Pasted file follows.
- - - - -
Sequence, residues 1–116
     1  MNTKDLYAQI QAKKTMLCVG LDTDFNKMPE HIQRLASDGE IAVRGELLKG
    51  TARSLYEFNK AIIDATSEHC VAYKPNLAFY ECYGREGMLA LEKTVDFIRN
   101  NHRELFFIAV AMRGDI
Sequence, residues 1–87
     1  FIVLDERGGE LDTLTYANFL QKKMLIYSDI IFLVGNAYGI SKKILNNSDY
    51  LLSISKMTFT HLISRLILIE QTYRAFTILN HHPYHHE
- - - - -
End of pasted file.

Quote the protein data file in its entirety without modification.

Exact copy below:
Sequence, residues 1–116
     1  MNTKDLYAQI QAKKTMLCVG LDTDFNKMPE HIQRLASDGE IAVRGELLKG
    51  TARSLYEFNK AIIDATSEHC VAYKPNLAFY ECYGREGMLA LEKTVDFIRN
   101  NHRELFFIAV AMRGDI
Sequence, residues 1–87
     1  FIVLDERGGE LDTLTYANFL QKKMLIYSDI IFLVGNAYGI SKKILNNSDY
    51  LLSISKMTFT HLISRLILIE QTYRAFTILN HHPYHHE